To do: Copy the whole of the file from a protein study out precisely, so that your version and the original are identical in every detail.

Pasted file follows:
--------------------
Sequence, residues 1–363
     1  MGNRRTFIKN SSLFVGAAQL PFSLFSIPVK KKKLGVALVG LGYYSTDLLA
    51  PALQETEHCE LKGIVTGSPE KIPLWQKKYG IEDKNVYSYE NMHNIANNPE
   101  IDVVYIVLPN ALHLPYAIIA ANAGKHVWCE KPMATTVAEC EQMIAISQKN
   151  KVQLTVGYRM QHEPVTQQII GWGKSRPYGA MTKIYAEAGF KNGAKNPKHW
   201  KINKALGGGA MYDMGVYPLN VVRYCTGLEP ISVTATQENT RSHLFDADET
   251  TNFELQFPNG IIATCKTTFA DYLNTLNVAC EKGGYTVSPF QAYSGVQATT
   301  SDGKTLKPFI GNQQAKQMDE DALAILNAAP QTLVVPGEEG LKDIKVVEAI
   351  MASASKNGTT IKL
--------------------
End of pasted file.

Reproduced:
Sequence, residues 1–363
     1  MGNRRTFIKN SSLFVGAAQL PFSLFSIPVK KKKLGVALVG LGYYSTDLLA
    51  PALQETEHCE LKGIVTGSPE KIPLWQKKYG IEDKNVYSYE NMHNIANNPE
   101  IDVVYIVLPN ALHLPYAIIA ANAGKHVWCE KPMATTVAEC EQMIAISQKN
   151  KVQLTVGYRM QHEPVTQQII GWGKSRPYGA MTKIYAEAGF KNGAKNPKHW
   201  KINKALGGGA MYDMGVYPLN VVRYCTGLEP ISVTATQENT RSHLFDADET
   251  TNFELQFPNG IIATCKTTFA DYLNTLNVAC EKGGYTVSPF QAYSGVQATT
   301  SDGKTLKPFI GNQQAKQMDE DALAILNAAP QTLVVPGEEG LKDIKVVEAI
   351  MASASKNGTT IKL